More and more organisations are now accepting executive coaching is an impactful intervention for leadership development. In executive coaching, there are usually 3 stakeholders: The organisation, the coach and the executive. For a coach one of the unique challenges, compared to other niches of coaching, is the client who pays the fees is the organisation – usually the HR department of the organisation. But the....
Psychologist Theodore Velten created a mood induction procedure that psychologists have used for over 40 years to induce a positive mindset, especially in psychology experiments.
It's a simple approach that involves reading, reflecting on and trying to feel the effects of some 58 positive affirmations as they wash over you. The statements start out being fairly neutral and become progressively more positive. The statements are specifically designed to produce a euphoric, elated state of mind.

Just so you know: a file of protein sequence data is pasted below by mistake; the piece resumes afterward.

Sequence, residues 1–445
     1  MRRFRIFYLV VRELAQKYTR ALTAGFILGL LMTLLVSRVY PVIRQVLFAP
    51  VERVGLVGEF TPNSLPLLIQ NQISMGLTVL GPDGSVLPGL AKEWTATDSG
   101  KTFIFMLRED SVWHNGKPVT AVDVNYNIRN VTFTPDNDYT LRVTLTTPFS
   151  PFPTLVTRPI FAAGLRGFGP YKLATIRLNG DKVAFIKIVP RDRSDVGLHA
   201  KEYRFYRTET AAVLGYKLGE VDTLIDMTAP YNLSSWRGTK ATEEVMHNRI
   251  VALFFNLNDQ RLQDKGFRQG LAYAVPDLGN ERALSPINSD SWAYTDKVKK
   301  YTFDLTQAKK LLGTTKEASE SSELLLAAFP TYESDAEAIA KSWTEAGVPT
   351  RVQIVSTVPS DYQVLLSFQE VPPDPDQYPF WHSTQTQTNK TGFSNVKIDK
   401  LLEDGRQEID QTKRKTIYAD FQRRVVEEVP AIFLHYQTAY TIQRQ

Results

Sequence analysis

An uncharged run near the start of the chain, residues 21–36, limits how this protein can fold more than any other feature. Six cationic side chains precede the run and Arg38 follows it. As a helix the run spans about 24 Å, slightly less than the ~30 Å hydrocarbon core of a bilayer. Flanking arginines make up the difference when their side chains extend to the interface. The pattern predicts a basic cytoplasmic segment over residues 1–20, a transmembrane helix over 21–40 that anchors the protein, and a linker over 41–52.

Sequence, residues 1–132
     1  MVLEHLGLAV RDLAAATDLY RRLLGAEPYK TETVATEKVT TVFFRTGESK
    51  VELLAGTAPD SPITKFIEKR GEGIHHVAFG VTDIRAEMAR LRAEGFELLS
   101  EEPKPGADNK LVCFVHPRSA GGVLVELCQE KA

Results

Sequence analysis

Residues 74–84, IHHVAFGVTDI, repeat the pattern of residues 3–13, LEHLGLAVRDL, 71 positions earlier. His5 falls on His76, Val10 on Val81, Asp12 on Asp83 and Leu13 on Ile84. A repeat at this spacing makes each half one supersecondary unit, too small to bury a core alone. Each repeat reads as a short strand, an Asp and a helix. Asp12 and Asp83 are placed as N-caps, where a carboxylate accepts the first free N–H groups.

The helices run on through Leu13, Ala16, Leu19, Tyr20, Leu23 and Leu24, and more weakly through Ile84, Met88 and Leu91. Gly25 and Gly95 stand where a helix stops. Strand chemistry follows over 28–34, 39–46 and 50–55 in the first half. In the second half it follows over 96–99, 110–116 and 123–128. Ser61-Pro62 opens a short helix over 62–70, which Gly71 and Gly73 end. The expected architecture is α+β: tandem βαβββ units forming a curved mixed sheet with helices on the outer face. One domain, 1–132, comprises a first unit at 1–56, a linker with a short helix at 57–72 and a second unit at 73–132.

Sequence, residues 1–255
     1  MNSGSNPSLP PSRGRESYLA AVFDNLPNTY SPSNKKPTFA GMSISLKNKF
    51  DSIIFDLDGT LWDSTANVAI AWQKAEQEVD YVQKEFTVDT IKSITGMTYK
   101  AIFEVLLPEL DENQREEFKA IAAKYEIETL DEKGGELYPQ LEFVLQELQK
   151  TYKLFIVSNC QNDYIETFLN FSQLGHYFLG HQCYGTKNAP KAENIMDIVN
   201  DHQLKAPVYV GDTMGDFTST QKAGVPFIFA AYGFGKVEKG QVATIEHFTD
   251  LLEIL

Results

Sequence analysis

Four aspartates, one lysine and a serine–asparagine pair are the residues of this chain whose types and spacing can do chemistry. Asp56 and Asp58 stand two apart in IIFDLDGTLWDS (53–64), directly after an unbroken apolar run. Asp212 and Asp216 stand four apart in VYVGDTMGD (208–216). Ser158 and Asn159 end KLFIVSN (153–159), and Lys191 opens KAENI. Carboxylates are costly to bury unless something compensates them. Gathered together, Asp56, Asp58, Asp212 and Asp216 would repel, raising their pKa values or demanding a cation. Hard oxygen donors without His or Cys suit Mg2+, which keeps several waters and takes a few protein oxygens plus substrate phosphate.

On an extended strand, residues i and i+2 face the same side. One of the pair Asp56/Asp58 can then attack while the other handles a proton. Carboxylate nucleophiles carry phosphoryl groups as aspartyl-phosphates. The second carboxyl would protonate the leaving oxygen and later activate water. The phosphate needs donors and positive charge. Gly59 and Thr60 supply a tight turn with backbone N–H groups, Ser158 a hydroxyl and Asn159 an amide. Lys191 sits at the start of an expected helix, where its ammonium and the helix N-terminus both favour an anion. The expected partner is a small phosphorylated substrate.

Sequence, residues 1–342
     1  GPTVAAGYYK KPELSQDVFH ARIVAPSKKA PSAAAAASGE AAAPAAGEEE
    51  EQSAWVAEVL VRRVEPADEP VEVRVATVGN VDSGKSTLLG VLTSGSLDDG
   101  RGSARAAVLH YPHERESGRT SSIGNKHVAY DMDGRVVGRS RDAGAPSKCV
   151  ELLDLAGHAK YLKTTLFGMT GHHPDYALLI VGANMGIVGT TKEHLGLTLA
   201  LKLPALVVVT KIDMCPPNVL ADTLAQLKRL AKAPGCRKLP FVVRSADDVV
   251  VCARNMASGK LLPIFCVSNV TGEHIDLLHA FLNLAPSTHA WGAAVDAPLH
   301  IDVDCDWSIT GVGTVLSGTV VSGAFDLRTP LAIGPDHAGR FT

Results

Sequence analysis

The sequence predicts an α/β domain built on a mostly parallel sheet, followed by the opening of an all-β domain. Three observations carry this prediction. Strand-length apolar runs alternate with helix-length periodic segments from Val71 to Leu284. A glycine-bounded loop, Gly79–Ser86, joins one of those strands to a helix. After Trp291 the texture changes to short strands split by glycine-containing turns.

What we say matters a great deal, but so does what we don’t say. There are times when you just can’t afford to clam up when called upon to contribute.
I love that this article is approaching storytelling skills from the field of improv -- because we receive a couple of good (maybe new) insights.
Like "whatever makes a memory a memory makes it interesting" and "know when to hold back."
Many of these are good common sense rules that can often be forgotten. And I just like that even though when you read closely, a lot of this material sounds familiar, the voice from the improv world makes me think about some of these tips in different ways. That is always a good thing!